Stern argues that Mary Chesnut's revised diary offers the most trenchant literary account of race and slavery until the work of Faulkner and that, along with his Yoknapatawpha novels, it constitutes one of the two great Civil War epics of the American canon.
PHILOSOPHY AND THEOLOGY
- Taming the Gods: Religion and Democracy on Three Continents
By Ian Buruma, Henry R. Luce professor of democracy, human rights, and journalism, Bard College. Princeton University Press, £13.95. ISBN 9780691134895
Comparing the US and Europe, Buruma asks why so many Americans, and so few Europeans, see religion as a help to democracy. Turning to China and Japan, he disputes the notion that only monotheistic religions pose problems for secular politics.
- Mapping the End Times: American Evangelical Geopolitics and Apocalyptic Visions
Edited by Jason Dittmer, lecturer in human geography, University College London; and Tristan Sturm, lecturer in geography, University of California, Los Angeles. Ashgate, £60.00 and £25.00. ISBN 9780754676010 and 0837
This surveys evangelical ideas and practices to appraise the movement and its geopolitical visions, and their impact on America and the world.
- The Ethnicity Reader: Nationalism, Multiculturalism and Migration
Edited by Montserrat Guibernau, professor of politics, Queen Mary, University of London; and John Rex, professor emeritus, University of Warwick. Polity, £65.00. ISBN 9780745647012
Drawing on a range of examples, the selections examine theories of nationalism and issues of ethnic integration and conflict in the US, the Middle East, Northern Ireland, Scotland, Quebec and Catalonia among other countries and regions.
- European Union Policy towards the Arab-Israeli Peace Process: The Quicksands of Politics
By Costanza Musu, assistant professor, Graduate School of Public and International Affairs, University of Ottawa. Palgrave Macmillan, £57.50. ISBN 9780230553125
Musu looks at the achievements, limits and failures of the European Union's involvement in the Arab-Israeli conflict by analysing European policy towards the conflict over the past 40 years.
- Divided by Borders: Mexican Immigrants and Their Children
By Joanna Dreby, assistant professor of sociology, Kent State University. University of California Press, £37.95 and £14.95. ISBN 9780520266605 and 0900
Probing the experiences of migrant parents, children in Mexico and their caregivers, Dreby offers an account of the lives of families divided by borders and the ways they struggle and ultimately persevere in a global economy.
- Staying Italian: Urban Change and Ethnic Life in Postwar Toronto and Philadelphia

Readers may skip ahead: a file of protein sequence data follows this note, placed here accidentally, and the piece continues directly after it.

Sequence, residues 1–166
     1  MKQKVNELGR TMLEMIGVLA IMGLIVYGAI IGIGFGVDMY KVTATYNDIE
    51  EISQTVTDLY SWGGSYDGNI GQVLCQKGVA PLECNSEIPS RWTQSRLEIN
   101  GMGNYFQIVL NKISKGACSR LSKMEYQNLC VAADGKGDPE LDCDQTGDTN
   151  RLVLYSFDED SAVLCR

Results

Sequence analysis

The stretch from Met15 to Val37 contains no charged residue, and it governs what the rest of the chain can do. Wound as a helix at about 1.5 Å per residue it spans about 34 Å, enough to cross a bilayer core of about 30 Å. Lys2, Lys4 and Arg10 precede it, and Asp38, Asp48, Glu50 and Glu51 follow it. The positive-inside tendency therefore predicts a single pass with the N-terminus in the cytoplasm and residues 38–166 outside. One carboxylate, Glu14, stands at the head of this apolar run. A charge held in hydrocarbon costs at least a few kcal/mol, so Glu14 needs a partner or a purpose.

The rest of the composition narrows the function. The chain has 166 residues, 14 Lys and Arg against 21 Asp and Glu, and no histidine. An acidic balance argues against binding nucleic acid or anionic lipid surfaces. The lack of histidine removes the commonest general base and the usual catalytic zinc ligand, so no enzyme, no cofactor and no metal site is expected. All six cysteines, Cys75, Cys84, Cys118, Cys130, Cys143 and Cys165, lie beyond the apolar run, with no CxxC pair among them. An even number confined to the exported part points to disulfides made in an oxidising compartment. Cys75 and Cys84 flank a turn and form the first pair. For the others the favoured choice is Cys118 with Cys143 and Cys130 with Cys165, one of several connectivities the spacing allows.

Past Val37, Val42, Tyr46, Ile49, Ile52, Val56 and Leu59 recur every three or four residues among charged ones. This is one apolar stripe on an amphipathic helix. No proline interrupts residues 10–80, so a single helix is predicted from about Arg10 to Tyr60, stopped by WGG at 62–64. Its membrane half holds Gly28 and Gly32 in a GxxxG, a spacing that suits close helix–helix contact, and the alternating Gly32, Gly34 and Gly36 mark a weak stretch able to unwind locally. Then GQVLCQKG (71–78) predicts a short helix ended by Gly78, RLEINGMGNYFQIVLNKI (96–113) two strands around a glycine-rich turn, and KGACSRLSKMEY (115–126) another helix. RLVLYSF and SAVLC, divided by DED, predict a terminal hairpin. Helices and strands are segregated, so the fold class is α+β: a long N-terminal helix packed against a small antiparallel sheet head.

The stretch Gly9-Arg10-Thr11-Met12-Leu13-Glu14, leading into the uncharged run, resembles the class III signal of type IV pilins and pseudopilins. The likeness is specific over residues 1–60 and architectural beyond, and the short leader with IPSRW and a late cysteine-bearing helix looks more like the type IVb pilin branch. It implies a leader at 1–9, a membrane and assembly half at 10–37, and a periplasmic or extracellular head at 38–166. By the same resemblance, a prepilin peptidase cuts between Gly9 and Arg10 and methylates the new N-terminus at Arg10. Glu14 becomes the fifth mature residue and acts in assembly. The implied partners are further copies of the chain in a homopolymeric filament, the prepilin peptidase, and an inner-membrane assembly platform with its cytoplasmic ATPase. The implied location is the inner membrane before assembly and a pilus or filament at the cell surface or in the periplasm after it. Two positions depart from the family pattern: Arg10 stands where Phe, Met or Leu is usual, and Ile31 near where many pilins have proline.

By Jordan Stanger-Ross, assistant professor of history, University of Victoria. University of Chicago Press, £24.00. ISBN 9780226770741
As Philadelphia struggled with deindustrialisation, Stanger-Ross shows, Italian ethnicity in South Philadelphia remained closely linked with preserving turf and marking boundaries. Toronto's thriving Little Italy, on the other hand, drew Italians together from across the wider region.
Extra online listings:
Nuclear Illusion, Nuclear Reality: Britain, the United States and Nuclear Weapons, 1958-64
By Richard Moore, visiting research fellow, Mountbatten Centre for International Studies, University of Southampton
Palgrave Macmillan, £65.00
Moore presents a study of the political, military and technical aspects of Britain’s nuclear weapons programme under the Macmillan government, contrasting Britain’s perceived political decline with its growth in technological mastery and military nuclear capability.
Revolution in Science: How Galileo and Darwin Changed Our World
By Mark L. Brake, director, Science Communication Research Unit, University of Glamorgan
Palgrave Macmillan, £26.00
Brake aims to capture the adventure and excitement of these two scientists in an examination of the ways in which faith and science clash, and how the battle for “truth” is a perennial one.
Taiwanese Pilgrimage to China: Ritual, Complicity, Community
By D.?J.?W. Hatfield, associate in research, Fairbank Center for Chinese Study, Harvard University
Palgrave Macmillan, £55.00
Through an examination of the pilgrimages to China that were common in Taiwan in the late 1980s and early 1990s, Hatfield advances anthropological understandings of conflict resolution.